Luckily for pint-sized viewers Dubois’ terrifying presence is balanced out by her sheer inhuman strength uncanny guiles and Stretch Armstrong flexibility (ah the wonder of cartoons) as well as Alex’s escape plan: the New Yorkers run away with the European circus. While Dubois’ terrifying Doberman-like presence looms over the entire film a sense of levity (which is a word the kiddies might learn from Stiller’s eloquent lion) comes from the plan for salvation in which the circus animals and the zoo animals band together to revamp the circus and catch the eye of a big-time American agent. Sure the pacing throughout the first act is practically nonexistent running like a stampede through the jungle but by the time we're palling around under the big top the film finds its footing.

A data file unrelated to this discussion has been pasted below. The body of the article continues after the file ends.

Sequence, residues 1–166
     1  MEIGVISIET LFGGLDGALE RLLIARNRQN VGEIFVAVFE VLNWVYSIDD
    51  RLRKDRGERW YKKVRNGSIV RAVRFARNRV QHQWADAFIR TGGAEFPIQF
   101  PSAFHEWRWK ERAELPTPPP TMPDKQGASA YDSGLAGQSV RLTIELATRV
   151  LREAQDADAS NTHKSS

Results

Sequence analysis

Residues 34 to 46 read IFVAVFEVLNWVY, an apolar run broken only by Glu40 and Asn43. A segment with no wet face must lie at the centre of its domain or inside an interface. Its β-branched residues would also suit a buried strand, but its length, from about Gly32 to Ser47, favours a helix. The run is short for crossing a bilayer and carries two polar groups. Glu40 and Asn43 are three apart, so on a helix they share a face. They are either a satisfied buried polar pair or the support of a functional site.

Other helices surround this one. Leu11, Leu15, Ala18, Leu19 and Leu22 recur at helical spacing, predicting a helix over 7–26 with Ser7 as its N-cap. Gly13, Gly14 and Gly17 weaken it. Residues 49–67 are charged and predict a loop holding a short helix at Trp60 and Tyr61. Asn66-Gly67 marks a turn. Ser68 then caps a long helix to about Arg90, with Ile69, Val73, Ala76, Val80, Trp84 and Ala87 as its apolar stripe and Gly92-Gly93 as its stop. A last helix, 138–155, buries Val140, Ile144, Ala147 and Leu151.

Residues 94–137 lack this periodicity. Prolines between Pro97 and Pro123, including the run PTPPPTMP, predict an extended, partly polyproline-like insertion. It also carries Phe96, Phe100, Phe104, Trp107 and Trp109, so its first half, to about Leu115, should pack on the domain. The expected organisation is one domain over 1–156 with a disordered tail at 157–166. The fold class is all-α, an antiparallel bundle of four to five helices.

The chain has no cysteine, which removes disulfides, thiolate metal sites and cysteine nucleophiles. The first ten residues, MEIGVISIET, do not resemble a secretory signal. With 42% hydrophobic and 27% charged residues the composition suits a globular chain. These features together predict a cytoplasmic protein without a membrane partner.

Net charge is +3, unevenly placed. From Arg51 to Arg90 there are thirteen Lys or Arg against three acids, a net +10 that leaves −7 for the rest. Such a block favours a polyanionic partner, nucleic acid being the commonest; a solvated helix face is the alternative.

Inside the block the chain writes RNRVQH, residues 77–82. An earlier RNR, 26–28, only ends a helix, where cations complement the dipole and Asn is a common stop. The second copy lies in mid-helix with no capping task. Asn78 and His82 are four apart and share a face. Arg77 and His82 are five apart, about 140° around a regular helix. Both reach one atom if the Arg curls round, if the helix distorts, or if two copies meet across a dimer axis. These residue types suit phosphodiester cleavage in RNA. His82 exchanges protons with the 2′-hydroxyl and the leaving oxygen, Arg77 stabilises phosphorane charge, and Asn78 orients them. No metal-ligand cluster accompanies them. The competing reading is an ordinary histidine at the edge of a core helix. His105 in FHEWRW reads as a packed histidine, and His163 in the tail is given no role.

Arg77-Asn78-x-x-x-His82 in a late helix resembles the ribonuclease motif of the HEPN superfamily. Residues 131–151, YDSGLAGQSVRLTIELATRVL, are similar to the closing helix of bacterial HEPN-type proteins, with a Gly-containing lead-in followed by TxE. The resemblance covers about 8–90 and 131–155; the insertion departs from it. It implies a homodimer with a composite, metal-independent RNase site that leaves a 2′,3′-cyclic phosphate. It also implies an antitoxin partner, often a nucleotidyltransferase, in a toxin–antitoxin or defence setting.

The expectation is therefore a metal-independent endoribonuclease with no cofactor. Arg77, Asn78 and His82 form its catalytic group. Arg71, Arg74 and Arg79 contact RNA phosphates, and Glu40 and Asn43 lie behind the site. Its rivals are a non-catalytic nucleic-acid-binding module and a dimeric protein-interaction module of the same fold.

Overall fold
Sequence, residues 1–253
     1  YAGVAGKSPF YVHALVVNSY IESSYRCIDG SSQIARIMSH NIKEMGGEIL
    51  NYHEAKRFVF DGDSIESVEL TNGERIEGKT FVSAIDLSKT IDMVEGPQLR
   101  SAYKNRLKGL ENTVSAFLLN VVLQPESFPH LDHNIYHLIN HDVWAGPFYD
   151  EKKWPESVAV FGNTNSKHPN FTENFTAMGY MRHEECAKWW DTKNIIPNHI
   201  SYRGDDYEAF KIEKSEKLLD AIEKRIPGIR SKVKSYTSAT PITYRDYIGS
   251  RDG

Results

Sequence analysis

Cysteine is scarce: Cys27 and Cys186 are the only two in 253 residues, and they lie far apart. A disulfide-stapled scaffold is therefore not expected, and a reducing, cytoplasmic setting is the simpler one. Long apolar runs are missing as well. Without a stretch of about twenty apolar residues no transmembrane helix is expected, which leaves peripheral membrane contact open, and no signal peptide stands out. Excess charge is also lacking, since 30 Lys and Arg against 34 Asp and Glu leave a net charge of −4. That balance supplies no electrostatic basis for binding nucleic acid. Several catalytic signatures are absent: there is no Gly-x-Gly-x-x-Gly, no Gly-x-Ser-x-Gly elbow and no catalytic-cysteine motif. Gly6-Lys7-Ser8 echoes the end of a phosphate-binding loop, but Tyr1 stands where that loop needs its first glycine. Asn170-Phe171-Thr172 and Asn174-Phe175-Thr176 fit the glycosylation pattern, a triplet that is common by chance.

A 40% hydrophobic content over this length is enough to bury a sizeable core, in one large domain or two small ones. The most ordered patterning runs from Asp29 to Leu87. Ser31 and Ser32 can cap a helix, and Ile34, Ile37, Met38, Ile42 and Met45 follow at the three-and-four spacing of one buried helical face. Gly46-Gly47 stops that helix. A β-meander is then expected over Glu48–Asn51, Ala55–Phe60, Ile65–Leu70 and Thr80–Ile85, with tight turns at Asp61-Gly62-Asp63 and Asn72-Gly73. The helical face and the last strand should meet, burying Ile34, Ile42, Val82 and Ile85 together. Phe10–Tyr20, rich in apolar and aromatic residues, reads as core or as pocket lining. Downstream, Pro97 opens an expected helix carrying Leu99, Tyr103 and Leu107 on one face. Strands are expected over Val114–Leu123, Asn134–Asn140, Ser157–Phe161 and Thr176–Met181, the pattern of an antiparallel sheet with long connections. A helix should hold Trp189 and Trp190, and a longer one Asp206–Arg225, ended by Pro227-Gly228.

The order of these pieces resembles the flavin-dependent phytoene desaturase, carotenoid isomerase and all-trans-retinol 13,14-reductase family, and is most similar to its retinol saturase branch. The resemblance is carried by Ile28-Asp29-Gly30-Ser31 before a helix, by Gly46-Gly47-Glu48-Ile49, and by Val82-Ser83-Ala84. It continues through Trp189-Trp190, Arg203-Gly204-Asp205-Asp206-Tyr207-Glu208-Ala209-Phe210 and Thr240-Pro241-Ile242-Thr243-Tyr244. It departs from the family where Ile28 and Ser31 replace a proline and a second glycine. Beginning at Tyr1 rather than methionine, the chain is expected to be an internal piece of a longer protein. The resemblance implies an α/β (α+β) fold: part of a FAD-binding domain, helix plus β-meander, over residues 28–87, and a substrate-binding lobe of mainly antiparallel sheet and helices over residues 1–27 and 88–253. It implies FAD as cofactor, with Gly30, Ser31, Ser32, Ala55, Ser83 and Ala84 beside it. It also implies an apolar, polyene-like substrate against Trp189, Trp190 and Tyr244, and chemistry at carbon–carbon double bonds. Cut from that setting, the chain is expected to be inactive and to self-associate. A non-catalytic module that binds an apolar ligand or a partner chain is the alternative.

The visual splendor of the film (and man is there a champion size serving of it) the magnificent danger and suspense is enhanced to great effect by the addition of 3D technology – and not once is there a gratuitous beverage or desperate Crocodile Dundee knife waved in our faces to prove its worth. The caveat is that the soundtrack employs a certain infectious Katy Perry ditty at the height of the 3D spectacular so parents get ready to hear that on repeat until the leaves turn yellow.